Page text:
I have about 100 people in my heritage friends circle. While you’re checking these folks out you should check out their circles as well, which are sure to be expanding. You’re likely to run into someone who shares your interests. If you’re a heritage advocate, please feel free to share your profile link in the comments. And feel free to connect with me there as well. My profile url (with my shared heritage circle) is https://plus.google.com/+JeffGuin/posts.

I think there is great potential to use the Google Plus Hangouts feature for an informal feedback version of the podcast to talk about applying the principles explained by the folks we interview here. Google is now allowing folks to stream hangouts-on-air to their YouTube pages as well, which establishes the feature’s relevance beyond simple social networking capability. Let me know if you’re interested in taking part.

Other features for heritage content discovery is the hashtag exploration feature. For example, you can search for “archaeology” and end up with an aggregation of all the latest results in a link (and page) that looks like this: https://plus.google.com/explore/Archaeology. Just substitute with any word representing your area of interest! Between “Explore” and “Circles” you can build a pretty effective blogger dashboard for social media outreach. How do you think Google Plus stacks up against other social networking tools?

Related tool:

Teaser image from Flickr

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The Earth Pyramid: Giving the world a chance to become a part of history

By Steve Ward

The Earth Pyramid project was started nearly three years ago with the aim of creating a monument that will get the world looking at the future of our planet and create a platform for discussing the many global issues this generation will be facing. This new pyramid will hold contributions from every government, indigenous peoples and all the world’s children in designated chambers within the structure. Once gathered, these contributions will be sealed within the pyramid for 1,000 years to be opened by people in the next millennium.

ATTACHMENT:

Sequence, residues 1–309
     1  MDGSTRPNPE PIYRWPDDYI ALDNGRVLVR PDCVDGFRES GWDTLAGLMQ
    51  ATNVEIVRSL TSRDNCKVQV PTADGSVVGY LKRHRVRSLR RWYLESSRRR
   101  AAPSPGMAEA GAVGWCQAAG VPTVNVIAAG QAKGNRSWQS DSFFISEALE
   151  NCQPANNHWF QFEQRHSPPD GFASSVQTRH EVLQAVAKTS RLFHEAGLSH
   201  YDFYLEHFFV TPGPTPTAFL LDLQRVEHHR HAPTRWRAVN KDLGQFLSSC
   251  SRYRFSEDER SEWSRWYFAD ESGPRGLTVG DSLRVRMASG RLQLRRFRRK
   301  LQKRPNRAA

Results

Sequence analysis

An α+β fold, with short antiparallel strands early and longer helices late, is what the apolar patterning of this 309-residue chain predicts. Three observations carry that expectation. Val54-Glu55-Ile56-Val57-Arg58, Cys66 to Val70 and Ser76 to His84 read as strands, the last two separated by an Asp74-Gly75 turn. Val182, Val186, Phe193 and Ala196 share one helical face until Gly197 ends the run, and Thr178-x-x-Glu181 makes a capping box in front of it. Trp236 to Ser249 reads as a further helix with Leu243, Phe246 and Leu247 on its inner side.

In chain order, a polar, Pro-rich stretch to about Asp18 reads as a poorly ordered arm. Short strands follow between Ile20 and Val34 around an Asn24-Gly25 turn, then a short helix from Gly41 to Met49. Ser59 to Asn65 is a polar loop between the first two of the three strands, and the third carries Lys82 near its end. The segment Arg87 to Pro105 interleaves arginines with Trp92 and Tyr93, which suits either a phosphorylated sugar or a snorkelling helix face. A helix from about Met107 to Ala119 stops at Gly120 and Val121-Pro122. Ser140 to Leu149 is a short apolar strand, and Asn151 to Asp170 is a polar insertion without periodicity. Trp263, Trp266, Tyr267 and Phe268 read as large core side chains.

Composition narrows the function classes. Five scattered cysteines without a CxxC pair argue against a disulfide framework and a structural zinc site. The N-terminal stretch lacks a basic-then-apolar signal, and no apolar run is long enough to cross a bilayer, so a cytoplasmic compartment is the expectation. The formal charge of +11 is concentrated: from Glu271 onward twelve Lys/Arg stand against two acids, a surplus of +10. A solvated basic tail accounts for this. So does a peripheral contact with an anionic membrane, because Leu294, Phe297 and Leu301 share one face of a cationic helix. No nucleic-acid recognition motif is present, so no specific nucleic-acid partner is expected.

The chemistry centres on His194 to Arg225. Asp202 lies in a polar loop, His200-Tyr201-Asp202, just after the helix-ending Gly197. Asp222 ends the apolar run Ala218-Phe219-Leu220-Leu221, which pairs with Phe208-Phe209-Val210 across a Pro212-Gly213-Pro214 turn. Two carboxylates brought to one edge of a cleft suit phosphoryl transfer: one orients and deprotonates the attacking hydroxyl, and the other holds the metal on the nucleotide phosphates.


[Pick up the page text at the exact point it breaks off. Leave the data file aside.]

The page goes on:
Although ambitious, the venture has gained the support of Nobel peace laureates Archbishop emeritus Desmond Tutu and President José Manuel Ramos-Horta as well as having 25 governments interested in participating.

Creating a new pyramid (at 50m high) is obviously a lofty goal but French architect and pyramid expert Jean Pierre Houdin has lent his support and advice to the project and the whole venture is starting to gather support from leading experts within the construction industry. Building the pyramid using a mixture of ancient and new technology will make for a fascinating build and go some way to answering the many questions that still exist regarding how the great pyramids were built.

The location of the pyramid will be decided by a global vote with one school from every country participating. This will not only give children from around the world a chance to connect, it will offer a chance to learn about the world’s nations and the issues they are facing.  This approach to deciding its location will also mean that the finished pyramid will be constructed in a country where it can do some good with regards to raising awareness of its pressing issues and generating funds to tackle them.

With so many different aspects to the Earth Pyramid it was decided that social media would be the way to get projects goals across and Bradford University’s SCHIM department has been working on a series of videos about the pyramid project with some leading experts participating in them. These videos are now on the project’s YouTube channel and more will be added to as the venture progresses. Twitter and Facebook are currently being used to keep followers of the project informed of new developments and with plans to develop a “Virtual Pyramid “ where anyone can have their thoughts recorded in a digital format (for eventual storage within the pyramid) social media will pay a big part in the projects progression.

The Earth Pyramid now needs to gather support from a wider audience and to do this we need people to start discussing the venture and it’s potential. The website has all the social media details.

Alltop.com adds Voices of the Past to its Social Media Page. Sweet!

For a while now I’ve used Alltop to keep up with the thought leadership in the online world. I never imagined that Voices of the Past would be added to it.

But there we are! On the Social Media page with folks like Mashable, Chris Brogan, Liz Strauss and a host of other greats. That alone is incredibly awesome, but check out the neat badges they give you when you get picked 😉

Since this is a resource I routinely use, and believe you can benefit from as well, I’ve added a widget in the Voices of the Past sidebar where you can view the latest headlines from other social media blogs they feature.

If you aren’t familiar with Alltop, it’s an online directory that aggregates the latest headlines from top blogs and organizes them topically. You get all the news on each topic, at-a-glance, without having to browse individually to each website. It’s best described as a digital magazine rack of the Internet. You can then hover over the title of a post to read the first sentences and click to visit the blog. You can even create your own personal page with blogs that you pick.